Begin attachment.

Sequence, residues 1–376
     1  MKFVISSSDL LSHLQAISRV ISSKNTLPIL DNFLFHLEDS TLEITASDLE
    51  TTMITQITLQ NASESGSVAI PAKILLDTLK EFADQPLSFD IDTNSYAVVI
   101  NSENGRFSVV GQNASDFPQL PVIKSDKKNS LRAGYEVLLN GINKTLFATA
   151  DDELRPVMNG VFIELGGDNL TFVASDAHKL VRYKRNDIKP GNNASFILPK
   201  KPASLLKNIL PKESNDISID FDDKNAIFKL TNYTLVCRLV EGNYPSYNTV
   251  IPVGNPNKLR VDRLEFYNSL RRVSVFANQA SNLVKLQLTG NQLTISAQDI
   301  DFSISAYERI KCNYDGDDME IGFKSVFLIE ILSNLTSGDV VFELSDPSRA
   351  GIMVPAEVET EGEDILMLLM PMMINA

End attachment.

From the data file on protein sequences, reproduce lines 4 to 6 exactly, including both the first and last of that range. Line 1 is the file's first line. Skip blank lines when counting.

   101  NSENGRFSVV GQNASDFPQL PVIKSDKKNS LRAGYEVLLN GINKTLFATA
   151  DDELRPVMNG VFIELGGDNL TFVASDAHKL VRYKRNDIKP GNNASFILPK
   201  KPASLLKNIL PKESNDISID FDDKNAIFKL TNYTLVCRLV EGNYPSYNTV